The show removes the “otherness” aspect of its title by implying that “Fresh Off the Boat” would apply to anyone who has moved from one town to another, If you’ve moved from a town to a strange new city, then yes, you too, are “Fresh Off the Boat.” We’ve all experienced a form of culture shock at one point or another. Beneath the cultural humor is a universal story of moving to a new place and adapting to new circumstances.
Besides, “Fresh Off the Boat” is much more memorable than “Far East Orlando”.
As newcomers to a place with its own norms and unwritten rules, the Huang family holds great potential for character development through the trials of adjusting to a new town. Mrs. Huang, who was introduced as a strict and overbearing tiger mom, has been humanized over the course of a few episodes by her love-and-rivalry relationship with her sister, as well as her friendship with the attractive housewife on the block with whom she shares the love of Stephen King movies.
Eddie’s parents might be somewhat strict with school and conservative with PDA (public displays of affection), but Eddie’s parents are ex-urbanites who are actually socially progressive.
“Go to your room,” said Mr. Huang.
At some point, Eddie’s dad also mentions the fact that they moved away from Taiwan because it was too conservative. Mr. and Mrs. Huang are certainly more progressive than the parents that my Asian American friends and I grew up with, and their more progressive values make them easier for a wider audience to identify with.
Fresh Off the Boat nests in the age of YouTube and social media platforms like Facebook and Twitter. While Asian Americans are still, for the most part, marginalized to minor roles in mainstream television programs, the Internet tells a different story: Asian American entertainers, such as NigaHiga and Just Kidding Films, have taken up a larger presence on the Internet through their own channels. As the stars of their own projects, these Asian American entertainers don’t identify with the two-dimensional stock characters that they, as Asian Americans, are often cast as. Instead, they’re the stars of their own projects. Granted, comedy is still a male-dominated industry, whether in the mainstream or within the Asian American entertainment community. However, the widening visibility of Asian Americans in charge of their own projects on popular media means that there is a more receptive audience to such a mainstream show featuring an Asian American family as the main protagonists.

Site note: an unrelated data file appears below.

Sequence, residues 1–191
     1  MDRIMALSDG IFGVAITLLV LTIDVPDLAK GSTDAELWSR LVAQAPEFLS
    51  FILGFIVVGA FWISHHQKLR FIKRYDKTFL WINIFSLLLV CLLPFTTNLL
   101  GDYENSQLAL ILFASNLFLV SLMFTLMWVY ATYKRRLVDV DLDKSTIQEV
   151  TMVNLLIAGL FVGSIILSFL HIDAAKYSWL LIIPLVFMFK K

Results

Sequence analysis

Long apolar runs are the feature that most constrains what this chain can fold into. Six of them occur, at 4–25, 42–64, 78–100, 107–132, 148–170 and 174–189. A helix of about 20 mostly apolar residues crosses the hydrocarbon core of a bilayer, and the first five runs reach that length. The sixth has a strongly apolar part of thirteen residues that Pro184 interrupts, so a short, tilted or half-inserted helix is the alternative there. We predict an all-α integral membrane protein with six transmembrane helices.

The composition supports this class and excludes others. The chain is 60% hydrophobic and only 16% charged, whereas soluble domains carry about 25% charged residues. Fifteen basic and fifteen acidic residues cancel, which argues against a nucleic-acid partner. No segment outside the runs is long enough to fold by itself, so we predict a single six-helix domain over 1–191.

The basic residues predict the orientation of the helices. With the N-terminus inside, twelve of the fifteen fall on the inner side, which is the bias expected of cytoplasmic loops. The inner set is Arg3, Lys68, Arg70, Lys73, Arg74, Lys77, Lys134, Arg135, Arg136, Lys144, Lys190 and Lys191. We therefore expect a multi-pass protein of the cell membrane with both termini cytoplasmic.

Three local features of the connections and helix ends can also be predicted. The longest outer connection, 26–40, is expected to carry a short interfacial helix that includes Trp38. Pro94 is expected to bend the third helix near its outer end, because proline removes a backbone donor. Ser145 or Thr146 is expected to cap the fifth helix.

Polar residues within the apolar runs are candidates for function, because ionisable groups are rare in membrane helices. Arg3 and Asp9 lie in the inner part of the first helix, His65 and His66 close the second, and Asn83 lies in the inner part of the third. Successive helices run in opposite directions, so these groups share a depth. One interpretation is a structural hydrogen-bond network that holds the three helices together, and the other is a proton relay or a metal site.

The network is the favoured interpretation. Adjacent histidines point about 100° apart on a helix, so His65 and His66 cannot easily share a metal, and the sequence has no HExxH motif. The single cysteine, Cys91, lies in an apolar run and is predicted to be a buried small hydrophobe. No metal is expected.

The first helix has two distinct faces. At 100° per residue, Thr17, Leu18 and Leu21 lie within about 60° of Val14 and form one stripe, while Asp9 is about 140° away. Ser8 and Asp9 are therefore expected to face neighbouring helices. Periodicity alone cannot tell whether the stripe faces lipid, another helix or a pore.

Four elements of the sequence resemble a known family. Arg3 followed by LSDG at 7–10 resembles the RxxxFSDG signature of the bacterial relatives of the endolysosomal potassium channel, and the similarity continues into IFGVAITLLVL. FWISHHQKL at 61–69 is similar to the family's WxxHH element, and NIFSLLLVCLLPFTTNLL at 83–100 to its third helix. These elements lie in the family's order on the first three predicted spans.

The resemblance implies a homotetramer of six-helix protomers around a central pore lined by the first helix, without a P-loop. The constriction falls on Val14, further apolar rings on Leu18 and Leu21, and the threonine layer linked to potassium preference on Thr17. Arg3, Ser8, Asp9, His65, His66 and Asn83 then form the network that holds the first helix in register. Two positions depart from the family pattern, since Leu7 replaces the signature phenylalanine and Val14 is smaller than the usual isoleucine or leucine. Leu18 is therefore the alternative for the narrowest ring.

Ultimately, Fresh Off the Boat is a show about moving to a strange new town and making a new (and better) life for yourself and your family—something that many people, whether Asian American or not, can relate to.
Starting this week, there will be reviews of Fresh Off the Boat episodes as they come out each week on Tuesday on the ABC channel. You can watch Fresh Off the Boat for free on the ABC website and follow the Huang family on their quirky adventures.